The electrifiying world of G-Shock
This year will mark the 70th anniversary of Japanese technology giant Casio and more than 40 years ago, the starting point as watchmakers. Since then shocking things happened.
The man behind Casio, Toshio Kashio, was born in Tokyo in 1925, and already at the age of six had the American inventor and industrialist Thomas Alva Edison as an idol. That’s why Kashio worked from the very beginning with his sights set on becoming an inventor himself. In 1946 he founded a company together with his three younger brothers. That was the beginning of Casio´s story and today it is one of the largest Japanese electronics giants headquartered in Tokyo, with factories across Japan. Toshio Kashio died in 2012 at the age of 87. He held 313 patents, and the younger brothers are continuing to run the company in his spirit. In 1957 the brothers launched the 14-A, the world’s first compact electric calculator. Seventeen years later, they introduced the world’s first digital watch with auto calendar. Casiotron, as it was named, could show the exact minutes, hours and seconds along with date and day, all on a small LCD screen.
In 1983 the G-shock appeared. That happened after Kikuo Ibe started to smash watches. His colleagues and superiors were getting increasingly worried but Ibe refused to stop and in 1983 his perseverance was rewarded and his colleagues and superiors are reassured when the shock-resistant G-Shock hit the market. The G-Shcock has a hollow casing that is shock-absorbing and its construction makes it unbreakable. There are not many non-mechanical watches with status among watch collectors, but the Casio G-Shock is one of the rare exceptions. Today, several models are collectables and are worn by Hollywood stars. Casio G-Shock has dozens of styles, colours and sizes, some of them produced in limited editions and therefore attracting collectors. G-Shock came on the market when most watch designs were thin, analogue and compact. The big, bulky, colourful and pretty proud digital watch was a bold step, contrary to current trends. It was also affordable. The design has clearly influenced the appearance of other sports watches from many manufacturers, even the mechanical ones in completely different price ranges. Casio has never made, and has no plans to make a traditional mechanical watch. When 0024 Watch World met the company´s representatives at BaselWorld this year, Mr Fujimoto, Casio´s European boss, said “We want to be an affordable alternative to the Swiss watch and because we manufacture all of the components ourselves, we are a ‘real manufacture’ in the electronic world of watches”.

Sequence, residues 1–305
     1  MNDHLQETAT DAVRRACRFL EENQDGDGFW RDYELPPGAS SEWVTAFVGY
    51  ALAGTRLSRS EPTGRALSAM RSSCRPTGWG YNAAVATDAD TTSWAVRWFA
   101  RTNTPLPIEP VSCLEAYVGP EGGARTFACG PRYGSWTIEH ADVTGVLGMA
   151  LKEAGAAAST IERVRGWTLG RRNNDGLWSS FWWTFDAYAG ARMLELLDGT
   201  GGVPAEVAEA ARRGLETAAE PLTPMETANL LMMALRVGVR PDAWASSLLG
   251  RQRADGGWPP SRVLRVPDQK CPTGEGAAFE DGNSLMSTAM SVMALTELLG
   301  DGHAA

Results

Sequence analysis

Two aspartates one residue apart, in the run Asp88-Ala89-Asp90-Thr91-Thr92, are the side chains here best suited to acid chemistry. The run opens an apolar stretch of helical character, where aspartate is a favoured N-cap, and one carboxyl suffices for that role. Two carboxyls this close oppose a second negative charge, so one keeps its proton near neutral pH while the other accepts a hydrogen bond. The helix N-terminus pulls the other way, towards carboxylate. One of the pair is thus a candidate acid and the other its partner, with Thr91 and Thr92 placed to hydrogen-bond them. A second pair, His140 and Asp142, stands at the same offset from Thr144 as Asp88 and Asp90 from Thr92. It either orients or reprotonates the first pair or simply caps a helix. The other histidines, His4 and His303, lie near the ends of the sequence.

The absolute best
Mr. Fujimoto and his associates have obviously seen all of the smart watches presented at the trade fair but are keeping their opinions to themselves. They point out that if they are not completely confident that they make the absolute best and most technologically-advanced smart watch they will wait; They are also slightly reluctant in that battery times are no longer what they were. Casio has (just like Rolex) the adage not to show anything until they know for certain they can perform best in the respective area.
Watches are important in the Scandinavian market and be sure to make the Edifice watch very big since they say it’s the most important watch in the Scandinavian market: Edifice is a watch with advanced technology, dynamic design, detailed dial and multi-functional chronograph. Casio is a partner of Infiniti Red Bull Racing Formula One team, and Christian Horner, who is the leader of the team, is obviously very aware that every second counts. Christian, who started racing at the age of 12, says that the team consists of 525 people, including those who have invested in the factory in Milton Keynes. All of the people involved in what is known as ‘the travelling company’ use Edifice watches.